UPDATE 2/13/14: I have been thinking about Kafka and the way I reviewed this book a lot- his works definitely make you think- and have decided to change my rating. I want to say that Albert Camus' quote that the thing about Kafka is that he causes you to reread him is extremely true. As disappointed as I was by the writing of many of the stories, others, such as Metamorphosis, I really enjoyed, and even those I did not caused me to really think. I believe I have been bitten by the Kafka bug (Gregor Samsa?), as I can now say that this review will probably not be permanent, as I eventually would like to reread this collection of Kafka's works. But for now, I am upping the rating to three stars.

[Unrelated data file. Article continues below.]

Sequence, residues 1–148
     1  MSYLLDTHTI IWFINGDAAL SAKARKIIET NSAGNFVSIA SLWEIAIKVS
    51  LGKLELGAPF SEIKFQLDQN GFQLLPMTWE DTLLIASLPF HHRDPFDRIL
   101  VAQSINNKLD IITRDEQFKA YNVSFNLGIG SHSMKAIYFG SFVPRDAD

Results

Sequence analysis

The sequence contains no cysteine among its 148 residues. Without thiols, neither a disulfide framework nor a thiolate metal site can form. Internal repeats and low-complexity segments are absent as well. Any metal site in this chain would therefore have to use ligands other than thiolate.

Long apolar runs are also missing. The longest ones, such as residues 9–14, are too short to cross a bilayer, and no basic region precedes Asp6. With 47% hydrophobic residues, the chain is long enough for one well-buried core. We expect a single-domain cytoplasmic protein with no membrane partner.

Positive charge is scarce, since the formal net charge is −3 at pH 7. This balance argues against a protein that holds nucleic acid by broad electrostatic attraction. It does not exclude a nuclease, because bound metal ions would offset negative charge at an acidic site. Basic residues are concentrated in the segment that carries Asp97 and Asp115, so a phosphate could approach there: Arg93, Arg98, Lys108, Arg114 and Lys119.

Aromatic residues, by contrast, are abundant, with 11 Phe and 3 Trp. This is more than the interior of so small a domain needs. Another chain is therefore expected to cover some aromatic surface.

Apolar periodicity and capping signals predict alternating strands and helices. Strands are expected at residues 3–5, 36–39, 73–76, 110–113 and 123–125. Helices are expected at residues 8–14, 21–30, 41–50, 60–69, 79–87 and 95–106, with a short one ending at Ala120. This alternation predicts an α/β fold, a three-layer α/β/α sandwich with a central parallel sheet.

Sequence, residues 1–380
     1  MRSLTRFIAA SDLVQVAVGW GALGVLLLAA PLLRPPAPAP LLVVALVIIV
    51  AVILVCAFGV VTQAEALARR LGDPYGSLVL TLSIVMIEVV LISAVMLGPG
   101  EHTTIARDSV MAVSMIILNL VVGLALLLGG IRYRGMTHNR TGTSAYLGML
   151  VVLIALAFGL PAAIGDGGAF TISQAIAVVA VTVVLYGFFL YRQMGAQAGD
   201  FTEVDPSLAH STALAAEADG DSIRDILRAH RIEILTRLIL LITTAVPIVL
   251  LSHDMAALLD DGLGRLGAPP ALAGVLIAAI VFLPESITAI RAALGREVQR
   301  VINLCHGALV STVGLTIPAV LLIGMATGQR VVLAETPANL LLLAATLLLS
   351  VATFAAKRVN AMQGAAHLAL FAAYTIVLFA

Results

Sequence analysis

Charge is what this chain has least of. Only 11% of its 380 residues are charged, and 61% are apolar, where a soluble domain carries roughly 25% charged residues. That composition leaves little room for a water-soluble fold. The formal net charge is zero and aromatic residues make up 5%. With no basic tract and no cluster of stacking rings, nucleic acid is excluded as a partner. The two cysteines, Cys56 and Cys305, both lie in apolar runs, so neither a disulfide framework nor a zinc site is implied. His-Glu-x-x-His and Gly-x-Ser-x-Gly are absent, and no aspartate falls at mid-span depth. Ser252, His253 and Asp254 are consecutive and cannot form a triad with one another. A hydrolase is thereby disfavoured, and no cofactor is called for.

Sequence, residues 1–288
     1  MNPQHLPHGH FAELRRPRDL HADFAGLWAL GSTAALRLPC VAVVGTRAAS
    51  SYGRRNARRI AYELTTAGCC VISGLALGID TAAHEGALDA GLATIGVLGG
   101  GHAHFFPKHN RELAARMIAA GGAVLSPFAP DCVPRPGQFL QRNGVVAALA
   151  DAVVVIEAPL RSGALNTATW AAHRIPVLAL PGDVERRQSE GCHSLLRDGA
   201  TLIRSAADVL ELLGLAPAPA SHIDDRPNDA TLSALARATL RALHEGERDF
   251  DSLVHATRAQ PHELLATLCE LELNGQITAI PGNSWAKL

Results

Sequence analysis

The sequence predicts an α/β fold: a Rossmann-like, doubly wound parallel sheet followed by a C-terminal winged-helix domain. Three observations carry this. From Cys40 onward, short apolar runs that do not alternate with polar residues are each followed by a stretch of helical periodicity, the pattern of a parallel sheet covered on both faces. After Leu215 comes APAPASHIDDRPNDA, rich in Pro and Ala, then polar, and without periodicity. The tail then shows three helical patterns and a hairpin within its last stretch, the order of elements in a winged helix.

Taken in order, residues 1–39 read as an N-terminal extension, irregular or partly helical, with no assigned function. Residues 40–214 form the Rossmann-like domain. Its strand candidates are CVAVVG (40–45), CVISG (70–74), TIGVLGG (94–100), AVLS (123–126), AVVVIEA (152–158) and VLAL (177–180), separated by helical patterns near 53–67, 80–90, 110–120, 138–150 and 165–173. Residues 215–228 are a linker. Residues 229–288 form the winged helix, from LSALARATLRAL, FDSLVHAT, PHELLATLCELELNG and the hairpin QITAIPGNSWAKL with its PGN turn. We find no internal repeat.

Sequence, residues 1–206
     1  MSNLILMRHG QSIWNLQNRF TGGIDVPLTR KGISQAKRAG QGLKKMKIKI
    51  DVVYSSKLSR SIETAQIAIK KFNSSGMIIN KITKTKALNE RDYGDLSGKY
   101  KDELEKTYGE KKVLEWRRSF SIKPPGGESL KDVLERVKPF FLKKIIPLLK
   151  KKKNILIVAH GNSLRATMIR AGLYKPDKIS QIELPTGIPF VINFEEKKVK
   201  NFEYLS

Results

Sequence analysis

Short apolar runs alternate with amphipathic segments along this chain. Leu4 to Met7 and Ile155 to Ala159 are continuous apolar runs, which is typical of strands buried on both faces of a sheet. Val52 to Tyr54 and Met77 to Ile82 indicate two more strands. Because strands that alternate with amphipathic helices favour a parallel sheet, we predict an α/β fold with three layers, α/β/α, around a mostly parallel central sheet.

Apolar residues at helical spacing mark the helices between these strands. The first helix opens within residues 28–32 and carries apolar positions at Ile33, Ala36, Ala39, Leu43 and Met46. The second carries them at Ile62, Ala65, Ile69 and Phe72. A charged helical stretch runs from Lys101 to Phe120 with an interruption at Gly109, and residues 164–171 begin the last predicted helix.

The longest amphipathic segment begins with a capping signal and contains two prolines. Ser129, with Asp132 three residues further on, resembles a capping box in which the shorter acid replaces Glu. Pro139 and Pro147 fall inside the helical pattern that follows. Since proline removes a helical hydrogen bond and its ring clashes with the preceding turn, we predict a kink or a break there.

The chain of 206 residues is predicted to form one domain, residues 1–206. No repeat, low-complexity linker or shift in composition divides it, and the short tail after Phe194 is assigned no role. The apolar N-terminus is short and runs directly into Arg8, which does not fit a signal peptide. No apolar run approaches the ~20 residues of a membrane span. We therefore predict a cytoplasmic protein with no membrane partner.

I came into reading Kafka with high hopes. I had heard many great things about his works from many different people. Sadly though, his works did not meet my expectations. I am disappointed. I really wanted to like Kafka's writings, but I really do not. Part of this is my fault. I came into this expecting something along the lines of Sartre's Nausea, which, being the first existentialist novel I had read, I really enjoyed; so I was hoping that Kafka would be similar. Although both Sartre and Kafka do express certain similar themes, particularly with their feelings of alienation and despair emanating through both their works, they express them in much different ways. While the themes in Sartre's work were obvious, and his stories realistic, Kafka's often unrealistic stories could be read over a dozen times and the interpretation of his themes still be vague or misunderstood. But, that appears to be some of the appeal of Kafka- his works are overflowing with metaphors, symbolism, and themes that one could spend a lifetime trying to interpret. Reading Kafka's stories would probably be easier and much more enjoyable if one had an understanding of his personal life; many of his works seem to be metaphors expressing his relation to his family or how he thinks of himself. Besides this, most of his stories are incomplete. Many of his complete ones are enjoyable and interesting, and even some of his incomplete ones; however, many of his incomplete stories are also fragmented and confused, often switching between plot elements throughout the story, greatly confusing the reader. In the end, I did enjoy some of Kafka. But, I really find Kafka the man more interesting than Kafka the writer. His personal life, and the views and experiences that influenced his writing, are more interesting than his writings themselves; and his writing is mainly interesting only to try and decode his personal thoughts on these matters. I will probably end up rereading this when I have more time- with a greater understanding of the themes behind his writing, I would probably enjoy his work much more. But until then, I can only say his work is alright; it is interesting, but not exceptional.